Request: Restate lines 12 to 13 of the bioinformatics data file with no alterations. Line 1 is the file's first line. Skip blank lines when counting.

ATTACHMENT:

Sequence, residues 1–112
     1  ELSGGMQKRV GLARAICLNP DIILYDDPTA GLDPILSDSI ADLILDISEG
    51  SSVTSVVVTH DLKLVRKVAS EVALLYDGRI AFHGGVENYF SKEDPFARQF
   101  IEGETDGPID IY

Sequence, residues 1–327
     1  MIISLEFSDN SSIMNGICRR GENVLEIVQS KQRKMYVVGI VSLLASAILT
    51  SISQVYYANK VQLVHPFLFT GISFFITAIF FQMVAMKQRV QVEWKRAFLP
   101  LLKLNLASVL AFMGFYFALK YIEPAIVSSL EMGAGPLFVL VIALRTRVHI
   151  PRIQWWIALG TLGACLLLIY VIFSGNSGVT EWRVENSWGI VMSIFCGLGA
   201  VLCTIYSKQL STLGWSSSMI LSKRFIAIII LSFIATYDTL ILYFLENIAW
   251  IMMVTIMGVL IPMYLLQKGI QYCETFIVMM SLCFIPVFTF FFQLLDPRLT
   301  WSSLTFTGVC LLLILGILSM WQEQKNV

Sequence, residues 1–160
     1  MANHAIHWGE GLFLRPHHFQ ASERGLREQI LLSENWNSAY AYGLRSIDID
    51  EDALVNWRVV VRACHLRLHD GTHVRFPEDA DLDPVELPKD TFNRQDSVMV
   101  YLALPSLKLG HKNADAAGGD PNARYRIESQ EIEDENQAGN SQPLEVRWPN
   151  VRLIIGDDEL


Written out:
   301  WSSLTFTGVC LLLILGILSM WQEQKNV

Sequence, residues 1–160